It’s getting to be like clockwork – another year, another wave of student fee increases. In these troubled economic times, this year’s increase could be over $600 annually per student if the government doesn’t close the funding gap.
There has to be a limit to this cycle of increases. The UC system – arguably the premier public higher education system in the world – is becoming increasingly privatized every year. Since 1990, the state of California’s per-student spending on UC education has steadily fallen from $15,860 to $9,560, adjusted for inflation and growth. For a system founded with the underlying belief that the availability of higher education should be based on merit and not financial means, this erosion of state support is potentially lethal.
In addition to possibly raising fees, the UC regents are considering cutting 10,000 freshman enrollments. This action would be unfair to the thousands of high school students currently working towards a UC education. Furthermore, as the CSU system has been forced to adopt similar enrollment cuts, many of these students would be denied admission to any four-year institution – thus placing more strain on California’s already struggling community colleges.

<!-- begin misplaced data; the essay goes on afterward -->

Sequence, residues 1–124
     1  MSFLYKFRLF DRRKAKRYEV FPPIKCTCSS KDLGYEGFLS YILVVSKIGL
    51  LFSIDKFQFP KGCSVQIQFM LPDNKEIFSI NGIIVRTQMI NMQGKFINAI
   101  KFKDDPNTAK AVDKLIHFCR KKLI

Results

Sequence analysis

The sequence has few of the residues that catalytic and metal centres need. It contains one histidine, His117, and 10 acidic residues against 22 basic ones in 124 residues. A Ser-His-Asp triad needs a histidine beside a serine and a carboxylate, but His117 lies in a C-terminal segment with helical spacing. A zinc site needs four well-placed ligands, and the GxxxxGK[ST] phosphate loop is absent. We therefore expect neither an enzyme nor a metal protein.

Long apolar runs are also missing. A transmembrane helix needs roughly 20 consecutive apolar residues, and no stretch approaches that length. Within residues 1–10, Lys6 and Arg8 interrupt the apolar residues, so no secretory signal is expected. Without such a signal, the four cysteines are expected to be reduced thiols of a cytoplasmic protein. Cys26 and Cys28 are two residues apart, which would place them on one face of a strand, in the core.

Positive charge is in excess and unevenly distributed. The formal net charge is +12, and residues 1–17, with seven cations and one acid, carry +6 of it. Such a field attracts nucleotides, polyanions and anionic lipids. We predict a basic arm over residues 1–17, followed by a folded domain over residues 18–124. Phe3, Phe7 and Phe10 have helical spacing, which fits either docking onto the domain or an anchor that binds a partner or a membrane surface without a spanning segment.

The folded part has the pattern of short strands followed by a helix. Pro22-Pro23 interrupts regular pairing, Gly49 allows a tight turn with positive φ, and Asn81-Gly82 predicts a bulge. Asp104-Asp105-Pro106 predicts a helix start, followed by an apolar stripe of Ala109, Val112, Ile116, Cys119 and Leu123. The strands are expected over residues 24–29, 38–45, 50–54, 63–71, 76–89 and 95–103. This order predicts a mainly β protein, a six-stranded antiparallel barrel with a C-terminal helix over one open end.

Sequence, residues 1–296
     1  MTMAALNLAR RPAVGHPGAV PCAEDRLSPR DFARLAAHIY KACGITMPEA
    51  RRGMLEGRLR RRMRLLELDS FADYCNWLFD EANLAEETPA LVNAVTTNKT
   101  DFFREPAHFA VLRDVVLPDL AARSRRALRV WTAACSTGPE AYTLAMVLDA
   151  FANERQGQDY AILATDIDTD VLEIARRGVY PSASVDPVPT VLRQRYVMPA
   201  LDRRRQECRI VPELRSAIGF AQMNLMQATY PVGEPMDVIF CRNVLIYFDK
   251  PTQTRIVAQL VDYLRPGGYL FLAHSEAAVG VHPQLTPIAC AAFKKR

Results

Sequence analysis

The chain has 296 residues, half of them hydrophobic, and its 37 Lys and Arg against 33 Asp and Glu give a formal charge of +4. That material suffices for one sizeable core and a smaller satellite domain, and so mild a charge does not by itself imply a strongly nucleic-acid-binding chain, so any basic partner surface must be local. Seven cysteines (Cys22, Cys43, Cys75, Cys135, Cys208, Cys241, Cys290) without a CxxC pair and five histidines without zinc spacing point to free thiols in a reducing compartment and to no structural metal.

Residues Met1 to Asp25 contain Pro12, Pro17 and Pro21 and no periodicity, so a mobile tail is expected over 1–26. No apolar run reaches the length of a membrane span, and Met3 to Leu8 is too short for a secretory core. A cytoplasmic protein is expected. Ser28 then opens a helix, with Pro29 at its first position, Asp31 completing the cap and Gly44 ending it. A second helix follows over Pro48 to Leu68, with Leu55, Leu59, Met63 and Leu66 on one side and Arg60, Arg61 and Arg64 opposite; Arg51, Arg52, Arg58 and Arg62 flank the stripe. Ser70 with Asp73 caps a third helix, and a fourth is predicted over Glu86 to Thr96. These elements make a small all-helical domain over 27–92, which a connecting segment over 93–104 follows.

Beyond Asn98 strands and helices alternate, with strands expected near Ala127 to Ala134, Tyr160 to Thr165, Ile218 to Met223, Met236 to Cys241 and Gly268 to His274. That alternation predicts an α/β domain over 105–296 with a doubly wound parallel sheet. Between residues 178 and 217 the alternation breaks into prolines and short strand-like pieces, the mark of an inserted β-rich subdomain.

California’s priorities are greatly out of line. The state spends more on its prison system than on the UC, CSU and community college systems combined. A government that spends more money imprisoning its citizens than educating them is in obvious need of reevaluation.
If California won’t shift spending to something as important as higher education, then it’s time for someone to say what no one running for political office will – we need to raise taxes. A good education is one of the most vital investments a government can make in its citizens and will in the long-term benefit society as a whole. Over the past several years that idea has been largely ignored in favor of an easier budget process.
A marginal tax increase is a relatively small price to pay for continuing the tradition of quality, affordable higher education that sets California apart.